The result is just brilliant; here is a wine of pristine fruit, with delightful purity and freshness, given subtle complexity by the different ferments and the way they hit the palate. The wine exhibits primary aromas of quince, marmalade and apricot, with hints of acacia, dried straw and beeswax.

On the palate, the fruit is generous but has poise and elegance; there is wonderful length through the palate and just enough acidity to keep it all tight and clean at the back. The aftertaste is an essay on the flush of youthful beauty.

Patch Wines Petit Verdot

100% hand-picked Yarra Valley fruit, fermented on skins in small pots, the cap hand plunged.

Petit Verdot can be a bastard of a variety in the vineyard; you have to seriously thin your shoots and work as hard as you can to make sure you get the bloody thing ripe. It’s most often used as a blender to add colour, perfume, tannin, acidity and length to a fuller-bodied ‘Bordeaux’ style blend. On the run sheet, there is usually no more than a miserly two percent or less in the final wine.

Thick-skinned and late ripening, when you do get it right, it can be the stuff of wizardry, a third act to outshine them all.

This wine has a brilliant, opaque colour, with aromas of violets, blueberries, sage, and plum. It seeps onto the palate with a beguiling, creamy charm, only to fill the back of the mouth with pronounced, ripe and complex fruit flavours, all intense, dark forest berries, Christmas cake, bramble and sage; before giving way to ripe tannin and some sassy acidity. This is another cracking, fruit-driven wine from the Patch duo and a great example of this variety’s potential to be a black swan.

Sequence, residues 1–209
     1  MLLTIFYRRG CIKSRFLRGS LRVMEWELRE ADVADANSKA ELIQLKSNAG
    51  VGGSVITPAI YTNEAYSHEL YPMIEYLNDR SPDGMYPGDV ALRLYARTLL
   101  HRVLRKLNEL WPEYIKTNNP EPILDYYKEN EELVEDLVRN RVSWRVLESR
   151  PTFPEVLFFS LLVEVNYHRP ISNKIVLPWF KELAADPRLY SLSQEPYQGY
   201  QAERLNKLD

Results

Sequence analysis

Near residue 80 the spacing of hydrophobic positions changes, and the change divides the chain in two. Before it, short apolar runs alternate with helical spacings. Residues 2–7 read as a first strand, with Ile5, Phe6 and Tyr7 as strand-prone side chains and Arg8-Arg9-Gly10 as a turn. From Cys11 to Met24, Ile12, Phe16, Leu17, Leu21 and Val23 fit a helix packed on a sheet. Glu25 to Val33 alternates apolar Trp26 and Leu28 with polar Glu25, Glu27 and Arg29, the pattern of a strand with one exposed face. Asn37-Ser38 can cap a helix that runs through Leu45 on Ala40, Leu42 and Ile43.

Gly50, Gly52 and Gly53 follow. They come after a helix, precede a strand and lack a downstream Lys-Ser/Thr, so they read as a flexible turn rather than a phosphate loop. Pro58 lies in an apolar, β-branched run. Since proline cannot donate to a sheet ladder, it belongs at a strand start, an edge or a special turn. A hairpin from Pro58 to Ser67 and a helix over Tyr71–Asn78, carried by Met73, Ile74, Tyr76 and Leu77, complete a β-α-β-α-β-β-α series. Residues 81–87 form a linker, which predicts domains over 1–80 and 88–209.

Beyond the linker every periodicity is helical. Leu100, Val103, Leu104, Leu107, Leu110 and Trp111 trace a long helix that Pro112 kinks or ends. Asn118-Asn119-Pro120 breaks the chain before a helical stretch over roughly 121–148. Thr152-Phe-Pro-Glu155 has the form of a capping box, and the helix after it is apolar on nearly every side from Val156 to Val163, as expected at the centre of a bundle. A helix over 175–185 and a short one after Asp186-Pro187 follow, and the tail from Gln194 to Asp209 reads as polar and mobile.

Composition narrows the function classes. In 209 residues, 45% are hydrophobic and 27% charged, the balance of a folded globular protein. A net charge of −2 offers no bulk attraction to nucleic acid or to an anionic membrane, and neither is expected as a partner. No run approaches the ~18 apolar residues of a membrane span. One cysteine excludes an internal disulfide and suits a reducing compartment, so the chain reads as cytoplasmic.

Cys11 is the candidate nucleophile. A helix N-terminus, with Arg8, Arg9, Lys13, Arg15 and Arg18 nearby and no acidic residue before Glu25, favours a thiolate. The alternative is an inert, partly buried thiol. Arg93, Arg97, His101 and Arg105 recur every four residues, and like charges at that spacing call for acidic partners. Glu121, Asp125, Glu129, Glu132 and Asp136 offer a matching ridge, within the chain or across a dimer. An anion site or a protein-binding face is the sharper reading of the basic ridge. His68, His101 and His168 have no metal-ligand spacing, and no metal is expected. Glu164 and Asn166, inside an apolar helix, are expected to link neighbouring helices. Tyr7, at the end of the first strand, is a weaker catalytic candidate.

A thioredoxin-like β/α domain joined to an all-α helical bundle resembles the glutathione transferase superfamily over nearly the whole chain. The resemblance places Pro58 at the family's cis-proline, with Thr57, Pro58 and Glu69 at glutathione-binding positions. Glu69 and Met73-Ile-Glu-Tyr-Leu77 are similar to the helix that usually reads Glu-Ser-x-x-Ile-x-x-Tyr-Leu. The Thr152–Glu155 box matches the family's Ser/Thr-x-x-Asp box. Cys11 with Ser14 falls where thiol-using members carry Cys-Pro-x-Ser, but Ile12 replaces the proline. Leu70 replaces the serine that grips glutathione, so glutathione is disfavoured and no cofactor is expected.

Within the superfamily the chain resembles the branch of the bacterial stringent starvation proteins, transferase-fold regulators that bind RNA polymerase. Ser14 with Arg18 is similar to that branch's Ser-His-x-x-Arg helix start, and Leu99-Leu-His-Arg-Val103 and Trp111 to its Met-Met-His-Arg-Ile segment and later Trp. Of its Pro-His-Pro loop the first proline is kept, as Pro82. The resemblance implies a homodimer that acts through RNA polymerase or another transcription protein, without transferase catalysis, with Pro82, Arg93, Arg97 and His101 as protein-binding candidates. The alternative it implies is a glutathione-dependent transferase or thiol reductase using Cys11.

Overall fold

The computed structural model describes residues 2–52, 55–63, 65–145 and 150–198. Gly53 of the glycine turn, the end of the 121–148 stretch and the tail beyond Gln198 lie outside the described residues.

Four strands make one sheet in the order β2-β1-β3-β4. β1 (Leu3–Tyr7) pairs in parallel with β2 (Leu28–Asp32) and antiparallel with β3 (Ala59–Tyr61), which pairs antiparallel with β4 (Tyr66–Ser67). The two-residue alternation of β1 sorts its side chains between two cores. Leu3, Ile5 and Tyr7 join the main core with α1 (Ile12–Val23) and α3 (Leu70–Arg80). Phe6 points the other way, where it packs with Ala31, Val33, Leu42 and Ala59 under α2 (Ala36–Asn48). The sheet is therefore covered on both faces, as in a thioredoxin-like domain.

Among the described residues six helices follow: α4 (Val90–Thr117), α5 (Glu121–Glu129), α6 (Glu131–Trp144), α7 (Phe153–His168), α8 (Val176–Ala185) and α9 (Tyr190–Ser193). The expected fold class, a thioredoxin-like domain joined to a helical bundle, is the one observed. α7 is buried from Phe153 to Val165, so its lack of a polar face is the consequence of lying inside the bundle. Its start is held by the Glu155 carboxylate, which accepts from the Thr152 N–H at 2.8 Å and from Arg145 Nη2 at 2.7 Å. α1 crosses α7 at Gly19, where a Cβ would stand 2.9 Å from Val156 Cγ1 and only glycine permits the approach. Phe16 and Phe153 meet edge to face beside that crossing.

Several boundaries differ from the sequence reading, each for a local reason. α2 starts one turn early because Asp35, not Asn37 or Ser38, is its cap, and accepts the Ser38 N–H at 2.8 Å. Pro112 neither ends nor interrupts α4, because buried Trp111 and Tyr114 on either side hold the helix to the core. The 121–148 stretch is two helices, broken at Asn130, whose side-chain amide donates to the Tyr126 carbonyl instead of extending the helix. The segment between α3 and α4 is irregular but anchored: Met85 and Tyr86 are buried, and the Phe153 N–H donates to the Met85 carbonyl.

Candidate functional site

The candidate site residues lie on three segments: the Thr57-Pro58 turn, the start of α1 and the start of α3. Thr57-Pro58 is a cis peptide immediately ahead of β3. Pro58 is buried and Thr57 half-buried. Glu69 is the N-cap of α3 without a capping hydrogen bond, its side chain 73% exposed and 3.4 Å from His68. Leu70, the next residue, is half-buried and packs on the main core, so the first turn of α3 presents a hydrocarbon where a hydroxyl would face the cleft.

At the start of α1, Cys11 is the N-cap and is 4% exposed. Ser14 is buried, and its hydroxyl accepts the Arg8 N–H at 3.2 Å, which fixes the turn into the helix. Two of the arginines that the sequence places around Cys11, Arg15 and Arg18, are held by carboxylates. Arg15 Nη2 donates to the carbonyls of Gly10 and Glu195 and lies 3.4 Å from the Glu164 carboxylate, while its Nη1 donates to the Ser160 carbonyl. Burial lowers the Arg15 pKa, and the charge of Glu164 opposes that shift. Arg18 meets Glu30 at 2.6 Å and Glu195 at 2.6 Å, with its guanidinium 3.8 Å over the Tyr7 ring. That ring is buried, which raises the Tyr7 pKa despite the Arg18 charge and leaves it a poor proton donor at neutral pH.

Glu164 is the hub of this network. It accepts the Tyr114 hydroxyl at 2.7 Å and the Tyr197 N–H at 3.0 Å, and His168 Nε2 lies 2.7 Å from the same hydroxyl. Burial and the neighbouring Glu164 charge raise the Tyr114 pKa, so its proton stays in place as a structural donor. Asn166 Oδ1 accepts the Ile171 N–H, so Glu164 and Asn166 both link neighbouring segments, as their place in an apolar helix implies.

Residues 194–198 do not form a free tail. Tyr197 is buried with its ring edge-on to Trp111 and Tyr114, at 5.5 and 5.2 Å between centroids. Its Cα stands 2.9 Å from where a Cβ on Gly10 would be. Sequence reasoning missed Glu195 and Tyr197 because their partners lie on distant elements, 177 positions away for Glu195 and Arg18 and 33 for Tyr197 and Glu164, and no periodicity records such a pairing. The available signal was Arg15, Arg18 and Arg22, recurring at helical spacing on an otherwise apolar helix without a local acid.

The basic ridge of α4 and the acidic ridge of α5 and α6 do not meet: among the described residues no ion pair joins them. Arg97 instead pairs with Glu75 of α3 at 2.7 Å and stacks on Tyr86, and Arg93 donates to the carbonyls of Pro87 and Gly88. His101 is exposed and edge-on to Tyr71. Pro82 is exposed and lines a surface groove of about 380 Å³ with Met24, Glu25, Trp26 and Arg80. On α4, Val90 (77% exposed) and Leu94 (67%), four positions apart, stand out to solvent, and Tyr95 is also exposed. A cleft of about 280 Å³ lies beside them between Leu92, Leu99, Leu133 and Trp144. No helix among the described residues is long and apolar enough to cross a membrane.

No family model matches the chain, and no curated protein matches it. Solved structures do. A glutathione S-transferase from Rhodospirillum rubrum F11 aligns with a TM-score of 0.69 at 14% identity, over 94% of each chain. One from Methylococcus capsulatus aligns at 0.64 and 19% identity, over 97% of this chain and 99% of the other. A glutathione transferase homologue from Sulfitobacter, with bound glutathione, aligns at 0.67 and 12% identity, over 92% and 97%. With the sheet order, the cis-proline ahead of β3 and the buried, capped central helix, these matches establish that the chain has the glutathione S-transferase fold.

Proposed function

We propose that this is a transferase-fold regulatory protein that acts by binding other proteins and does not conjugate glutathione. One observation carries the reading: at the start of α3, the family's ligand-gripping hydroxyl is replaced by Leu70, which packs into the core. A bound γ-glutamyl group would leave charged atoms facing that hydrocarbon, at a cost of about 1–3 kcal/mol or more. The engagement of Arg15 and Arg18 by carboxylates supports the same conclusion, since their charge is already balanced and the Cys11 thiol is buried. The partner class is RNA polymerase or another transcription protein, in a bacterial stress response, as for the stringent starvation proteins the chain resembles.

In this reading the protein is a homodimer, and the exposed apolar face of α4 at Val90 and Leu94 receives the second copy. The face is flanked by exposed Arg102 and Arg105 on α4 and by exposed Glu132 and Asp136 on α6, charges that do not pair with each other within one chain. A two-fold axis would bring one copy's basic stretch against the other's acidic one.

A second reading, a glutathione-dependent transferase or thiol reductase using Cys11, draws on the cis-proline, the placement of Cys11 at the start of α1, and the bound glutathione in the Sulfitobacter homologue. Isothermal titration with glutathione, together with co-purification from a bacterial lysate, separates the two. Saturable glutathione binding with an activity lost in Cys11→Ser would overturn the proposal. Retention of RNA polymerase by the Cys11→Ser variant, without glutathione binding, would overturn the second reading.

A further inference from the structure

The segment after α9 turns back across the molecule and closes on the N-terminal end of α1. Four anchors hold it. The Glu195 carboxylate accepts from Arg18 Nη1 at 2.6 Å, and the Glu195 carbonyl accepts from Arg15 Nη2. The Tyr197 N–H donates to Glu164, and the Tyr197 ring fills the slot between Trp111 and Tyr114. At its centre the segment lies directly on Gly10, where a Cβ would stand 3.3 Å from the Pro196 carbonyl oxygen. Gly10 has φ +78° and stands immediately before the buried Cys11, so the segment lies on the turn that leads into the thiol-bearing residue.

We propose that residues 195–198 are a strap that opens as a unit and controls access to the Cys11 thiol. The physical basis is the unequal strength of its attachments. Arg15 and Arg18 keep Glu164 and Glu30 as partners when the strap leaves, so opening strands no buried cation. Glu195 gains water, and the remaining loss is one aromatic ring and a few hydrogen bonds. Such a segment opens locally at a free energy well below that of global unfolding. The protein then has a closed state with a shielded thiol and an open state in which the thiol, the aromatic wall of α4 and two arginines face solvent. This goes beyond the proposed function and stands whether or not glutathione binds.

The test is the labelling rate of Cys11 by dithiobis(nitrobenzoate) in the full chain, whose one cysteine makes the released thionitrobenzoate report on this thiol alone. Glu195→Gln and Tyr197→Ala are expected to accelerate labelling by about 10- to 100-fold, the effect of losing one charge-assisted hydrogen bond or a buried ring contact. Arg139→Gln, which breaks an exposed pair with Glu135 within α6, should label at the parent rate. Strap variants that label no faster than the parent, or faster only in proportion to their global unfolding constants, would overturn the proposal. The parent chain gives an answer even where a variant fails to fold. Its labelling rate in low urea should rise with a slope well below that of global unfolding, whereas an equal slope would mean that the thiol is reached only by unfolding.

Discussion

Fast forward to a few days later and a wine-tasting event at the Wine Warehouse in Yangon. I am there representing the winery, and one of our wines is part of the tasting. I know a few people there, but most of the guests are strangers to me, expats from all over the world, locals, people with little in common but a love of wine, and we talk and we laugh, and we make connections. Huddled under an air-conditioning unit working overtime in the stinking heat of Yangon, there is another kind of warmth, a generosity of spirit; we are reaching out to each other and opening our hearts and minds, and there are smiles and laughter. Wines ability to reach out across the globe and bring disparate people together to find connection and joy never ceases to fill my heart with happiness.

At the Warehouse tasting, I meet Mr Aung Thank Htay and he invites me to dine at his restaurant, The Tasting Room at Diamond Inya Palace. The following evening, we dine there with friends and colleagues, a table of several generations and many nationalities; we start with a Norwegian gin, enjoy a Californian Pinot Noir and a Shan State (Myanmar) Cabernet Sauvignon with the food, and finish with a small snifter of Mexican reposado (oak-aged) tequila. The wines and spirits are magnificent; there is live music so good you keep pausing to take it in, there is delicious food, and there is wonderful camaraderie; it is an evening of shared joy and celebration and the excitement of new friendships. Fine wine and dinner table diplomacy has triumphed once again.